Mothers Who 'Opt Out' And Now Want Back In

I thought I was the only one.  I opted out of the career world when I had my son, 12 years ago, and after 25 years of supporting myself (even in marriage), I suddenly had to ask my husband for money, a humiliating and devastating thing for me.

Now Judith Warner writes that many high- and mid-level executives have had the same experience when they decided to put their careers aside to raise their children.  Reporting Sunday in The New York Times magazine, she writes, "The women of the opt-out revolution left the work force at a time when the prevailing ideas about motherhood idealized full-time, round-the-clock, child-centered devotion."

In 2000 almost 40% of women in a survey said mothers working outside the home were harmful to children.

So, many of us left the workforce in droves, and were happy, for a while. But for those of us who opted out, another survey was finding that the very mothers who had chosen to stay home with their kids were more depressed and in worse general health than other mothers, Warner writes in her story.

She was talking about me.

Had we all made a "colossal error," as Warner puts it, to drop out and depend on a man for income?  I found I lost my confidence, my identity, my self, when I stopped working.  My plan was always to go back after about a year or two, but when my son had just turned three, I was diagnosed with breast cancer, not once, but twice, and so followed two years of treatment, leaving me not at all able to.

I hated depending on my husband.  For the most part he was fair and generous, but sometimes, when we argued about anything, he'd say, "I'm not giving you money."  No question, the one who controls the money controls the relationship.

“I had the sense of being in an unequal marriage,” one woman told Warner.  Having been in control of my money, my independence, my life, it was all suddenly gone for me, too.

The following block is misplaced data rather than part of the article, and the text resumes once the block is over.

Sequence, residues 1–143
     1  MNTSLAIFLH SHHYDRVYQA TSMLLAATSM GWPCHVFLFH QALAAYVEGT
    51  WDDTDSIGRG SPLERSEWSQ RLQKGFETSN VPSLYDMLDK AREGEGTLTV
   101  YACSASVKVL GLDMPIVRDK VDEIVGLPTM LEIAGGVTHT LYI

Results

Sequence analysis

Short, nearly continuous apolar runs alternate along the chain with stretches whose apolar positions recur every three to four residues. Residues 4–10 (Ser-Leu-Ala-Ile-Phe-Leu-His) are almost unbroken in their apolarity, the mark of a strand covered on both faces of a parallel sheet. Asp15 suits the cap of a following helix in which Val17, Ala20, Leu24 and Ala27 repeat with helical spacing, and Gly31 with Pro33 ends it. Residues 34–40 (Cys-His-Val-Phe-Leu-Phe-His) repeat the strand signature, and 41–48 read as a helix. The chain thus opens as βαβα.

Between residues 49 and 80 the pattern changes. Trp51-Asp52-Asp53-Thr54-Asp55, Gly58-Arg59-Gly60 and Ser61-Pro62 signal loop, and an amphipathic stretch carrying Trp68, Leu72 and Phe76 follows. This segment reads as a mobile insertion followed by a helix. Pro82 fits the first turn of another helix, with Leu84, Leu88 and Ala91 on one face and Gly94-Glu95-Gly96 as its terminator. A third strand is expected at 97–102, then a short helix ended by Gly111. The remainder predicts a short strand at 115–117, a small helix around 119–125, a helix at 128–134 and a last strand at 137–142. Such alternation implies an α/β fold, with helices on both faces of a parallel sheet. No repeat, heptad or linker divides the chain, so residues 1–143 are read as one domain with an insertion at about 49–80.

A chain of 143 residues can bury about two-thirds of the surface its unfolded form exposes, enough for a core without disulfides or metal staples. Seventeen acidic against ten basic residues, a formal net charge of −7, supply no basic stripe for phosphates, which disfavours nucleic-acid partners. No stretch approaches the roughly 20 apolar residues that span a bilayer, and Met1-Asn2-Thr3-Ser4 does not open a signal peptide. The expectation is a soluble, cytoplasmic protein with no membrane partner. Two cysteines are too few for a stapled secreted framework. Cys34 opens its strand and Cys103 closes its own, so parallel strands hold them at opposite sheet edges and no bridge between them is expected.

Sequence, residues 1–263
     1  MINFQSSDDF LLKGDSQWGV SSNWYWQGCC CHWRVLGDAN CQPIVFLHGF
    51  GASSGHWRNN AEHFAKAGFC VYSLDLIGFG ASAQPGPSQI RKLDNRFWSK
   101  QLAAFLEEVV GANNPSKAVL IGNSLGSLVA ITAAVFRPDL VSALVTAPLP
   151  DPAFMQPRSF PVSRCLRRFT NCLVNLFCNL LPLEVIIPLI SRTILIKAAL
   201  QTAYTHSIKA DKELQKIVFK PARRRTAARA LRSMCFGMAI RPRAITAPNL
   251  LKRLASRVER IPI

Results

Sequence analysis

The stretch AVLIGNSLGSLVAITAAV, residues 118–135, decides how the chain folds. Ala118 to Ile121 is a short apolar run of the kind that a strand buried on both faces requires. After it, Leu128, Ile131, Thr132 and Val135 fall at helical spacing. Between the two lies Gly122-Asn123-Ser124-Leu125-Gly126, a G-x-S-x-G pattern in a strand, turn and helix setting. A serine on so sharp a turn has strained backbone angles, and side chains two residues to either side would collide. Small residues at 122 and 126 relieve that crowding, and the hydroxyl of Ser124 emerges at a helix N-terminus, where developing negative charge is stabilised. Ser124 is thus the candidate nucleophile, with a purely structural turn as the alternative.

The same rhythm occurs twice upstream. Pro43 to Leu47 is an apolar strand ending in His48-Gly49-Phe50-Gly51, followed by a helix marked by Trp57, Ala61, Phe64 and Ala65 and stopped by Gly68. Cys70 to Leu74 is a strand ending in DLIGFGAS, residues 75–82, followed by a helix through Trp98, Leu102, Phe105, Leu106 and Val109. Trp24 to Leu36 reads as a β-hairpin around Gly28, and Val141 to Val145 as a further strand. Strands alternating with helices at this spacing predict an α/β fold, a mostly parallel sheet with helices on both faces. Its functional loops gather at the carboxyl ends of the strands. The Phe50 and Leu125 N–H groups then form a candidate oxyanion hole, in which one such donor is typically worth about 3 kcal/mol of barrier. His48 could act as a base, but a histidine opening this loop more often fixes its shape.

I found myself depressed all the time. At social events I felt less than everyone else, even other mothers who had chosen to stay home.  For the first time in my life, I no longer had my work, and who was I?

I liked being a mother.  But when my son was just a baby, I began to have a sneaking suspicion it wasn't -- dare I say it? -- enough.

Fast forward seven years.  I'd like to say now that everything is great.  I did have a good writing position last year but we got into a little tussle over money (they weren't paying me), so we ended the relationship late in the year, and I haven't had steady work since.  But being back at work reminded me of who I used to be before I became a mom, a person I really liked and respected, not just someone who needs to ask if she can have money for a new pair of shoes.

I wouldn't give my son up -- and the life I've had with him -- for anything, but sometimes I really miss that woman with the office who executives expected to write great speeches and portray them positively online. Now a success is my son doing his homework and negotiating with a teacher when he doesn't.  It's different, it's very different.  Would I do it another way, if I'd had the chance?

Probably not.  I dream of having a career while raising my son -- the best of all possible worlds.  But I'm still waiting.

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